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Fox News’ Chris Wallace reveals what he admires most about Charles Krauthammer
Mitchell Laurren-Ring / CCL
Tributes continue to pour in for political commentator Charles Krauthammer, in light of his tragic terminal cancer announcement. The latest comes from his Fox News colleague Chris Wallace.
In a heartfelt testimonial on Fox News Sunday, Wallace singled out Krauthammer’s commitment to his own convictions as the quality that he most admires. “In a world in which we all live, there’s a tendency to fall into tribes, you’re in this camp or you’re in this camp, Charles’ camp was his honesty, his values, his conviction. He could be lacerating in going after the excesses of liberalism, he could be just as tough going after the betrayals of his conservatism,” Wallace explained.
Last week, Krauthammer, confirming rumors about his absence from Fox News’ Special Report with Bret Baier, published a heartwrenching letter in The Washington Post explaining that he has been diagnosed with an “aggressive” form of cancer and has “only a few weeks left to live.”
“This is the final verdict. My fight is over,” Krauthammer wrote, before going on to give thanks and express satisfaction with his life. Speaking with Fox News host Sandra Smith on Sunday, Wallace described the letter as “quintessential Charles Krauthammer.”
“As he discovered, to his shock, the cancer had returned and … he talks about ‘the final verdict is in, my fight is over’ and finally when he says that ‘I leave this life with no regret,’ it is such quintessential Charles Krauthammer,” Wallace said. “It is so graceful, it is so honest, it is so brave.”
Watch Wallace’s full comments below:
Those familiar with the 68-year-old Krauthammer know that he has lived the majority of his life without the use of his arms and legs, after breaking his neck in a tragic diving accident that occurred while he was in college.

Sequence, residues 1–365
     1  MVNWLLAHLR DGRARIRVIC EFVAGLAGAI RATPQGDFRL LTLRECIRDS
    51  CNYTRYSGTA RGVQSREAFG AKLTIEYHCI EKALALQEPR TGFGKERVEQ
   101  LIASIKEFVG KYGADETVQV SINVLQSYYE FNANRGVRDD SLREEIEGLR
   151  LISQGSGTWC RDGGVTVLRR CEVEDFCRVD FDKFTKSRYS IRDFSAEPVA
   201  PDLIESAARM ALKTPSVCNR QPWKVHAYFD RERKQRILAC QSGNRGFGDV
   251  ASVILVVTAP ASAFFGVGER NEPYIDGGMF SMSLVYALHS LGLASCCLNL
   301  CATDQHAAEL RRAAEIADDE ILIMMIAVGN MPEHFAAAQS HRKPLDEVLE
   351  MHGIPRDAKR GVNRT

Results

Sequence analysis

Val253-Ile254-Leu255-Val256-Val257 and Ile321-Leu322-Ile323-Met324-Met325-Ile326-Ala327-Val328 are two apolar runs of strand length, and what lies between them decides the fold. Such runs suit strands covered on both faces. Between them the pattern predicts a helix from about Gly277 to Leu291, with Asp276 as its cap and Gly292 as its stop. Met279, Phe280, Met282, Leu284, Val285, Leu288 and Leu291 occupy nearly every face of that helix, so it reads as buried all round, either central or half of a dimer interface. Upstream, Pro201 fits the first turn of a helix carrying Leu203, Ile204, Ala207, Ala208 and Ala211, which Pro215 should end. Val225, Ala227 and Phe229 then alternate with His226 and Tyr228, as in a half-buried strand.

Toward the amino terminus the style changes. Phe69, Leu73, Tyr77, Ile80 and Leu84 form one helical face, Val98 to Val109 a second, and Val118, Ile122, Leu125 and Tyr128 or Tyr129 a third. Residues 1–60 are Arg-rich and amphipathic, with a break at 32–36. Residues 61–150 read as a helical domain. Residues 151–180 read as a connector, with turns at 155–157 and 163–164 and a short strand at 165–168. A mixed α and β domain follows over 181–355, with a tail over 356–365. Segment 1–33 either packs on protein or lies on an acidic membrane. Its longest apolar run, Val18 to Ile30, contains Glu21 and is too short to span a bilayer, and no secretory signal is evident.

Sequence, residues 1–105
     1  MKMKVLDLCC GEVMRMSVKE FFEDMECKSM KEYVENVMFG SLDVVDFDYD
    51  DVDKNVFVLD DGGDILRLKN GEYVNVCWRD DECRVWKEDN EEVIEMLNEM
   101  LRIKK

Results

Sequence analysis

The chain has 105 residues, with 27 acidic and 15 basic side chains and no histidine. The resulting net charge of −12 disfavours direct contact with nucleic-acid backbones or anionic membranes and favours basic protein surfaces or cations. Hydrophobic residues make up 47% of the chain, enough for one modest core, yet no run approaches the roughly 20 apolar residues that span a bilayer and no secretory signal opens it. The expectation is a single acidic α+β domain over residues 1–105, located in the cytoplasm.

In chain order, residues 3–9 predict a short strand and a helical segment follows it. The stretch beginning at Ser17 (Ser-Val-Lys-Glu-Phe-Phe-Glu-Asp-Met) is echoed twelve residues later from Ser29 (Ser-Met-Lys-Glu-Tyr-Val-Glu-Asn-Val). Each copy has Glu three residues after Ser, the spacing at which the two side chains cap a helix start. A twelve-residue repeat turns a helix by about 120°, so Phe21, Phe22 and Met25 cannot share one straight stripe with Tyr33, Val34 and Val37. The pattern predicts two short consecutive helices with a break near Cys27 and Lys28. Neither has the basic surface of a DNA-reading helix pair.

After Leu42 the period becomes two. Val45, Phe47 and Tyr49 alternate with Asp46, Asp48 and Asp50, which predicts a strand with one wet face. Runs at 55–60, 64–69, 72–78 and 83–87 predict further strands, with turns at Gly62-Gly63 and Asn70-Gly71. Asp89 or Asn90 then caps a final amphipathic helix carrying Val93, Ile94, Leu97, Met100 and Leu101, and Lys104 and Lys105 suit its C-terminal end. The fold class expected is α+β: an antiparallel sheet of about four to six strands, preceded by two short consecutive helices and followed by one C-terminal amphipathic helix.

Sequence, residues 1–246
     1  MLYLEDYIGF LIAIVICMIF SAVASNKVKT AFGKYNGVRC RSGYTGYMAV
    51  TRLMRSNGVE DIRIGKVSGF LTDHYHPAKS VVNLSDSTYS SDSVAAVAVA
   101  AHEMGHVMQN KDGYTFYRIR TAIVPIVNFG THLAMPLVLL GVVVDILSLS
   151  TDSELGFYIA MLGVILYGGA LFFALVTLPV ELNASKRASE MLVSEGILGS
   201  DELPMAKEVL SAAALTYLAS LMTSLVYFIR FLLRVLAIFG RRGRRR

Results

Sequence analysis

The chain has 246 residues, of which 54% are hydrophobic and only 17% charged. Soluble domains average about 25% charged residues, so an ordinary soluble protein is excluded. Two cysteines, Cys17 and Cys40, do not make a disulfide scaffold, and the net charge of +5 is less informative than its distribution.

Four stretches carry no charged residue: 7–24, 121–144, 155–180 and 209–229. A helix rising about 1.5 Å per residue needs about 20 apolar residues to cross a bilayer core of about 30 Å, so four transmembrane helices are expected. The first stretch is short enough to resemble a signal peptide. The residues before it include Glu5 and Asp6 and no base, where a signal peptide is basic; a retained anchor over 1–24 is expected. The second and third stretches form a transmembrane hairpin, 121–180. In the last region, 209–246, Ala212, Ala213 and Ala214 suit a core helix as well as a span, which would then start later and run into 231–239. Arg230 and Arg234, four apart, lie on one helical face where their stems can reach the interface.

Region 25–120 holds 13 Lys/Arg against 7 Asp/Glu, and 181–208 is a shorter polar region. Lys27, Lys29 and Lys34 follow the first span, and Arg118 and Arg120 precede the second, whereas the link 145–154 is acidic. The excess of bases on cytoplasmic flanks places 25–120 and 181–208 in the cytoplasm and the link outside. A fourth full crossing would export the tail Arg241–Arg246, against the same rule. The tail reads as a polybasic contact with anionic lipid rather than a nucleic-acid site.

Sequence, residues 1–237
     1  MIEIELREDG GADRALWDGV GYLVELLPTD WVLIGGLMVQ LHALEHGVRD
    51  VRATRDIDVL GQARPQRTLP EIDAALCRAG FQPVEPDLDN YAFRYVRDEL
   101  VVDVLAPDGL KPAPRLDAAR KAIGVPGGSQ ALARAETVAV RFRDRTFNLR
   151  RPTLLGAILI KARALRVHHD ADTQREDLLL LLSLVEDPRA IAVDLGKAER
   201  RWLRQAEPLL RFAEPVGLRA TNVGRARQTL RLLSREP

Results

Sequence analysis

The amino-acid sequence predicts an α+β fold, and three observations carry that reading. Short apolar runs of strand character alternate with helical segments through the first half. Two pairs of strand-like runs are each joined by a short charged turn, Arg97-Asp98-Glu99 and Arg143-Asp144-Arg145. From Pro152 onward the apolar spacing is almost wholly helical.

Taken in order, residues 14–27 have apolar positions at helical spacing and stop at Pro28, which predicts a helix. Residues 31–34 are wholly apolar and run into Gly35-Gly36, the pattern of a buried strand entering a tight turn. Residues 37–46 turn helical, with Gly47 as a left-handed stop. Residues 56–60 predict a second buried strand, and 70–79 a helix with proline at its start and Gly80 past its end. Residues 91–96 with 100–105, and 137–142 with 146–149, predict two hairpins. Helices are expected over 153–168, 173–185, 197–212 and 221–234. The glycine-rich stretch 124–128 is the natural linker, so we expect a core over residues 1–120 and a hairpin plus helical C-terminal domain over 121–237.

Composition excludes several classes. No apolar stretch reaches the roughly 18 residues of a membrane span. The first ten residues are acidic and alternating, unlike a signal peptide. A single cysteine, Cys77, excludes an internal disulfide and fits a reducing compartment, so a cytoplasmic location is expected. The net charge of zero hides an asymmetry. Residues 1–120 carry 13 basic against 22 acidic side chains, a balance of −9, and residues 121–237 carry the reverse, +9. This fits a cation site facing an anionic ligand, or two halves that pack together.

Despite this crushing disability, according to Wallace, Krauthammer has never been one to “express any sense of pity” or “why me?”
“He led his life fully, vibrantly. Yes, he was very badly disabled. No use of his legs. Almost no use of his hands,” said Wallace. “And yet he lived a full life.”
Wallace then proceeded to list some of the countless accomplishments that Krauthammer has achieved both personally and professionally, including winning a Pulitzer Prize for his commentary.
Yet it is neither these accomplishments nor the way that Krauthammer has dealt with life’s difficulties that Wallace most admires about his colleague. Rather, it is his approach to politics. Unlike most, Krauthammer avoided partisanship and stood by his own convictions, Wallace explained.
Before finishing, Wallace issued a message to Krauthammer and his family, saying:
I want you to know that I love you. I flatter myself and feel so honored to consider myself a colleague of yours.
Wallace, echoing the thoughts of many at this sad time, concluded: “You are a great man.”
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